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M.F. Cordeiro, L. Guo, V. Luong, G. Chan, S.E. Moss, F.W. Fitzke; Imaging Apoptosis in the Living Eye: A Novel Method of Assessing Retinal Ganglion Cells and Glaucoma . Invest. Ophthalmol. Vis. Sci. 2003;44(13):2150.
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© ARVO (1962-2015); The Authors (2016-present)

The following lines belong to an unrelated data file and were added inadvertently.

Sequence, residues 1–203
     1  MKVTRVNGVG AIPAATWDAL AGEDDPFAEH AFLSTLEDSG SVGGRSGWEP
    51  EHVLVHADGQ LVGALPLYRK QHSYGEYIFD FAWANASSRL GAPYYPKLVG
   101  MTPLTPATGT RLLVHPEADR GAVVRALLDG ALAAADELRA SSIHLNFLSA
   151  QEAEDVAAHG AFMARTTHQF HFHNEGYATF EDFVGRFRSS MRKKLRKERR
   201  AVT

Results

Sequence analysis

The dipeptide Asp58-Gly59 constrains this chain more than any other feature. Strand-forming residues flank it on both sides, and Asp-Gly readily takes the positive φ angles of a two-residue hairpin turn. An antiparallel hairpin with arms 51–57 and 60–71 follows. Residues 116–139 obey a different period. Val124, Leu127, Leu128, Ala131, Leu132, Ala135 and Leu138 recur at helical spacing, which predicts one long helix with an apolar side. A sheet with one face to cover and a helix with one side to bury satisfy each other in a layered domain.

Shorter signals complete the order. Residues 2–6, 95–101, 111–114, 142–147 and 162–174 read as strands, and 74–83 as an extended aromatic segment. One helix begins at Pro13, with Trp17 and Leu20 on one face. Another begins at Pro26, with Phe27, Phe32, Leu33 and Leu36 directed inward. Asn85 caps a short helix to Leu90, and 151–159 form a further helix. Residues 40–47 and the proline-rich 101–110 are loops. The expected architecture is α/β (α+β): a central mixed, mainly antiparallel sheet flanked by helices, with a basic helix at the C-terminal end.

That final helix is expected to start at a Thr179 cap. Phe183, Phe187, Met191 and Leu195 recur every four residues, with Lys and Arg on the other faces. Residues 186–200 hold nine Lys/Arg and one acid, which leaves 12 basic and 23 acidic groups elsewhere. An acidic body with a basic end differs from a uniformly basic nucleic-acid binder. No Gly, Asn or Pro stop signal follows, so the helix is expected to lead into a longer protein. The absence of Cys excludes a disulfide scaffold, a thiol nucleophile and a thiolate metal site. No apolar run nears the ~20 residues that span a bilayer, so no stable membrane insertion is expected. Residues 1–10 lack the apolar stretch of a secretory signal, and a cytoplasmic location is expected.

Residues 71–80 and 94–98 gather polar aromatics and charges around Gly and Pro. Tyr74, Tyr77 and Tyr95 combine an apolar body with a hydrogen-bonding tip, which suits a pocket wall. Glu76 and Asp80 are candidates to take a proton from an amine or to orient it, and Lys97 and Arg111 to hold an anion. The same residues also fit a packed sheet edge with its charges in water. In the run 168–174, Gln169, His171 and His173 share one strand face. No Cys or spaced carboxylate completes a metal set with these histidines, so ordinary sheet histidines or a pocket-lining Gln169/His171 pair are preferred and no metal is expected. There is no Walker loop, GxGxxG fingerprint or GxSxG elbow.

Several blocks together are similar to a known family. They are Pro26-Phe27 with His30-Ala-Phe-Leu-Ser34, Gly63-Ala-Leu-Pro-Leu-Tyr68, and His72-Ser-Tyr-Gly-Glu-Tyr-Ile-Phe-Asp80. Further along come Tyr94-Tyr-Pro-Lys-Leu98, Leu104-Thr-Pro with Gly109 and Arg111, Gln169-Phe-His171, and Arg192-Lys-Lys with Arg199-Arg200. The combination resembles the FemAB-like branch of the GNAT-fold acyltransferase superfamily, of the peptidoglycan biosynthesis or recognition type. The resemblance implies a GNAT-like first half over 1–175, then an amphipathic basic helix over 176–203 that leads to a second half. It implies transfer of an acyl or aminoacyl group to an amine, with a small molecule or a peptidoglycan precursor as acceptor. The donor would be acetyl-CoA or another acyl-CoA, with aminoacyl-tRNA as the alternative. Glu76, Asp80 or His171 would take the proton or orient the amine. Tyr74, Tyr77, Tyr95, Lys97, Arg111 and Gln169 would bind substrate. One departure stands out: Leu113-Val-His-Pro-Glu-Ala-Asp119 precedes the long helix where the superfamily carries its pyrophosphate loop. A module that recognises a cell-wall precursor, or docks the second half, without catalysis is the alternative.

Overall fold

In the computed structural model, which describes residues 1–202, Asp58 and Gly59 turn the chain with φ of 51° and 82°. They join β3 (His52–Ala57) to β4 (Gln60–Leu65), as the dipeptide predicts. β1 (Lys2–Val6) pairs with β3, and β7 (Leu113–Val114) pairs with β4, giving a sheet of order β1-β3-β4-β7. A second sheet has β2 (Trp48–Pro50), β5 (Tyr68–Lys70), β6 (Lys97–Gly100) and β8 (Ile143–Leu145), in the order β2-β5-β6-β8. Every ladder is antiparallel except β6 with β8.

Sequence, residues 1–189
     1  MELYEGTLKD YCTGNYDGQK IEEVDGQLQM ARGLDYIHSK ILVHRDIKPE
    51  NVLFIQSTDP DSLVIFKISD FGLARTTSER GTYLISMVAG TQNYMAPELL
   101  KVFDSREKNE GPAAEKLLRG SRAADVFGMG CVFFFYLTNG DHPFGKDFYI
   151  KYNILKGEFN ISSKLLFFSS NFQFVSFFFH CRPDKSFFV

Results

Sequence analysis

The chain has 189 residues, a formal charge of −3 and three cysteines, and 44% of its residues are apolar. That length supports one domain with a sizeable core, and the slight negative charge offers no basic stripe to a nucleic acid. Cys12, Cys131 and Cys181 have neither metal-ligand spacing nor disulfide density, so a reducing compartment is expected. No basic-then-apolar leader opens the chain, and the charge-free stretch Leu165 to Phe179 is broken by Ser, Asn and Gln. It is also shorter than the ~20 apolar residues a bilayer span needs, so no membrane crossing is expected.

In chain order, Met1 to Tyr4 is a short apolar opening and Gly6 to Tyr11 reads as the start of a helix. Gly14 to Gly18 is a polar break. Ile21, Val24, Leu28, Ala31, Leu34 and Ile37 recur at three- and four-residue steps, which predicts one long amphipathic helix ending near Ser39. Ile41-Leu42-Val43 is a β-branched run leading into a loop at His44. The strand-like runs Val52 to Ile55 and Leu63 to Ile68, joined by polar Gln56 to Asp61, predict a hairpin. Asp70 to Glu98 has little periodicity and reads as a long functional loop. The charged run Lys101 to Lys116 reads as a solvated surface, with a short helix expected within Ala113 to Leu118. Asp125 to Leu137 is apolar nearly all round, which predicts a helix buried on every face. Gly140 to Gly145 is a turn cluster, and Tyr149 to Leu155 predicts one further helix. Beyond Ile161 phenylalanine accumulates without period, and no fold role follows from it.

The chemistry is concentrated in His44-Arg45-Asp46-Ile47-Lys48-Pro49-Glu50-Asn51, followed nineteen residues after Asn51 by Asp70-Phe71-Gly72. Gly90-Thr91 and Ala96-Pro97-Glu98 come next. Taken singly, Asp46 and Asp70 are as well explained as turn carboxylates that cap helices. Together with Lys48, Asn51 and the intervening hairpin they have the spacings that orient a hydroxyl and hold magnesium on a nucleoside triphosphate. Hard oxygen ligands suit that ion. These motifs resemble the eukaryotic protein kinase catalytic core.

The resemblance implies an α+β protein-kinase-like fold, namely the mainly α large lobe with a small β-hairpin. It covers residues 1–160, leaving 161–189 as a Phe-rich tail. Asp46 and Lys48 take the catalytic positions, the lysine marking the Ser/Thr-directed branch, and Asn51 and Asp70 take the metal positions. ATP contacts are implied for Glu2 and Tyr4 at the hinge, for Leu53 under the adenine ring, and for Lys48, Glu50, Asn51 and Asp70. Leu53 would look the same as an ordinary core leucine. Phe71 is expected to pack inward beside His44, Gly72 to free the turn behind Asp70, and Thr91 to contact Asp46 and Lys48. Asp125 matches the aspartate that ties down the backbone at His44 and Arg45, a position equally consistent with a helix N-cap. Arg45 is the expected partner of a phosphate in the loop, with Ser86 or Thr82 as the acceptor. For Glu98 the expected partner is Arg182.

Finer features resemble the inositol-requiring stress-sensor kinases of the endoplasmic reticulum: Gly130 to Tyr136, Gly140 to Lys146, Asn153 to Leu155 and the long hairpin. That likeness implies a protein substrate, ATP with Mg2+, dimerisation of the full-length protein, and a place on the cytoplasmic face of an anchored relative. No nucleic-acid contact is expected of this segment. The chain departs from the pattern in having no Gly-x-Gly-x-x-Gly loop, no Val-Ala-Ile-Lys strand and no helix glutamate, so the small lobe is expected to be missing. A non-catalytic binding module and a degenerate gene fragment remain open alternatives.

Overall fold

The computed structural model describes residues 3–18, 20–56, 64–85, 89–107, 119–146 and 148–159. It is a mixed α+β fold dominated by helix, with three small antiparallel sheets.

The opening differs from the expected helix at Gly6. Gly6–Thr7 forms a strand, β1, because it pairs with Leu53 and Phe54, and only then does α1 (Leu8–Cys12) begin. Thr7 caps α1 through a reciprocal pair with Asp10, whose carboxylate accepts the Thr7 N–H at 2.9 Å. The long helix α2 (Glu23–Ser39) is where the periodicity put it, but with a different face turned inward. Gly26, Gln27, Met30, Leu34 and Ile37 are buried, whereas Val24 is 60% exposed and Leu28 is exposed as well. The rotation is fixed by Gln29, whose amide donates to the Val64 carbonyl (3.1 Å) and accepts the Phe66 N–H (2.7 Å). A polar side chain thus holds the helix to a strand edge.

Purpose: Retinal ganglion cell (RGC) apoptosis is implicated in the pathogenesis of glaucoma. However, previously this has only been possible to demonstrate histologically. We present a novel method of assessing RGC apoptosis in vivo using a rat model. Methods: 10 DA rats underwent general anaesthetic following which varying doses of intravitreal staurosporine (0, 30, 60, 90, 120 ng) and a fluorescent-labeled annexin 5 marker of apoptosis (1.4 µg) were administered. Rat eyes were then imaged using confocal scanning laser ophthalmoscopy (cSLO) with an argon laser (488 nm) for illumination and a wide band-pass filter with short-wavelength cut-off of 521 nm filter. Videos of scanned retinal areas were recorded and images assessed for fluorescence using a previously established method. Animals were killed immediately after imaging, and enucleated eyes were fixed in fresh paraformaldehyde for histological analysis. Immunohistochemistry was performed using NF-200 antibody for retinal ganglion cells, and specimens were viewed by confocal microscopy. Results: Cells were seen to fluoresce in the retina with cSLO from 2 hours after treatment. Time-lapse video revealed a random distribution and appearance of fluorescent cells throughout the retina. These were confirmed histologically to be apoptotic retinal ganglion cells by double-labeling. Anatomical reconstructions of in vivo imaging and histological results showed a good correlation of methods. Eyes treated with staurosporine had, as predicted, a much higher number of apoptotic RGC, and staurosporine-induced RGC apoptosis was found to be dose-related. Conclusions: This study has shown that it is possible to image retinal ganglion cell apoptosis in vivo. Although we have used a powerful inducer of RGC apoptosis, we believe this method may be useful in assessing all forms of pathological retinal degeneration. Moreover, we feel this approach has great potential in the investigation and treatment of glaucoma. Acknowledgements: Roger Hitchings, Martin Wax, Len Levin
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